Writing to ask for a part-time return after maternity leave.

    On maternity leave and wondering if you can return part time? Here's how to write the letter to your Headteacher.

    From 30 June 2014 every employee has the statutory right to request flexible working after 26 weeks employment service.

    (Before 30 June 2014, the right only applies to parents of children under the age of 17 (or 18 if the child is disabled) and certain carers.)

    However, it is often on return from maternity leave that an employee wishes to do this. Doesn’t have to be then, however!

    There is a formal procedure involved in asking to change to part-time hours, and I suggest that you follow it exactly, very formally.

    You have a legal right to make an application (but only once per year), and have it seriously considered, butnota right to have it granted.


    If the request is turned down, it must be for anappropriate business reason, and they must tell you what the reason is so that you can appeal against it.

    First stage is to put your request in writing to the Headteacher.

    NB You can see from the letter that the onus is on YOU to show how it can be managed, YOU have to identify any possible drawbacks for the school and say how they can be overcome. If you just say there are no problems, and then they identify some and turn your request down, you haven't had a chance to show a possible solution. So make sure you think it through carefully, both the problems (normally to do with communication between the two halves) and how to solve them.

    Here's the sort of letter you should write. Nice and formal - shows you want a formal - and legal - reply! Copy it exactly, including all the either/or bits.

    Dear xxx


    I would like to apply to work a pattern that is different to my normal working pattern under my right provided in law.


    I would like this new pattern of working to begin on………………….


    * I have worked continuously as an employee of the company for the last 26 weeks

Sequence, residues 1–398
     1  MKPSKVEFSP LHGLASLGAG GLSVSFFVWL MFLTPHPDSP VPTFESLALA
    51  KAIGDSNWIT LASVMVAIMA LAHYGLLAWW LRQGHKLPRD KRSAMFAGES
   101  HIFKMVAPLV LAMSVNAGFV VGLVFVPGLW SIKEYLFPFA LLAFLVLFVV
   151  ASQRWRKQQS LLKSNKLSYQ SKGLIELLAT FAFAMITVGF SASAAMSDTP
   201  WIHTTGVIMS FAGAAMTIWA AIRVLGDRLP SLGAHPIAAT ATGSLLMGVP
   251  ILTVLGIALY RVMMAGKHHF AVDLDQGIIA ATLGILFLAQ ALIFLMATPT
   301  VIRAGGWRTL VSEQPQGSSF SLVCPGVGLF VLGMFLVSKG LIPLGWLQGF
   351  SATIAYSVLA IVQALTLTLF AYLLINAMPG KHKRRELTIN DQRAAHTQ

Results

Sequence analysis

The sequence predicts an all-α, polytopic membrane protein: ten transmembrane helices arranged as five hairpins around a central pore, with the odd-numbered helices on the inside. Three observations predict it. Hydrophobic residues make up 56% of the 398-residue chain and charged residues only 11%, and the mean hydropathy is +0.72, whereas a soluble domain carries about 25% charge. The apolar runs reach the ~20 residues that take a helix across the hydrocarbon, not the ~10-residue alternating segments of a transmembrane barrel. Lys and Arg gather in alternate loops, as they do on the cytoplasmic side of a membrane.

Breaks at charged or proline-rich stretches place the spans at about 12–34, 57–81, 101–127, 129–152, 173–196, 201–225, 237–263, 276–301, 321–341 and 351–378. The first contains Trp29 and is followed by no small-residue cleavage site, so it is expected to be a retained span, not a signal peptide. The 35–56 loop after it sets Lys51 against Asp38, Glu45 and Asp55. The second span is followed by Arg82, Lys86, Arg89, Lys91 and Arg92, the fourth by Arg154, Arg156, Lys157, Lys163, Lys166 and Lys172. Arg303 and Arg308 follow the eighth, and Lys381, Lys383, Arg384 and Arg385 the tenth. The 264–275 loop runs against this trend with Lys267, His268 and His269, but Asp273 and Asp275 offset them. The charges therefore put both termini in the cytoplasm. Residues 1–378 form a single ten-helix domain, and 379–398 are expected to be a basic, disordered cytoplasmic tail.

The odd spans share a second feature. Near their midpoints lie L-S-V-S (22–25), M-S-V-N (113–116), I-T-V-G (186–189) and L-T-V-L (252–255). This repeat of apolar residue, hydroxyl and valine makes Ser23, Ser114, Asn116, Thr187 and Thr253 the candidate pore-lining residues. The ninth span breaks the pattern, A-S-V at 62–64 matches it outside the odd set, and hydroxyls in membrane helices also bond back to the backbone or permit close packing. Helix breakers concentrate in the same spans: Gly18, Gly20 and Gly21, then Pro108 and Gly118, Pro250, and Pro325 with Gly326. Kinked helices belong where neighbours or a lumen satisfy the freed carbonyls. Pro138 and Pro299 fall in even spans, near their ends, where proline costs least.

* I have not made a request to work flexibly under this right during the past 12 months




    The proposed new working pattern that I am applying for is ………………………



    This will affect you as an employer in that ………………………………………. This impact on you as an employer can be lessened or removed by ……………………………


    I understand that according to the legislation, my request will be considered and decided upon within three months of the receipt of the request. I also understand that employers must have a sound business reason for rejecting any request.

    There you have it – that’s what you should write. Cross your fingers as you type it – I wish you good luck with your request.


    N.B. you should note that if granted, your contract will change permanently to a part-time one, and you will not have an automatic right to a full-time post in the future, you’ll have to apply with other candidates.

    N.B. (again). If you return part-time, then your 13 weeks will have to be extended, as it is 13 weeks full-time for you, as you were full time before. So go to 50%, and you'll have to do 26 weeks minimum.

    But including holidays!

    Get yourself a calendar and mark out the 13 weeks, (or equivalent if part time), to end at the leaving dates (31 December, 30 April, 31 August) to see when would be the best time to return.

    Good luck!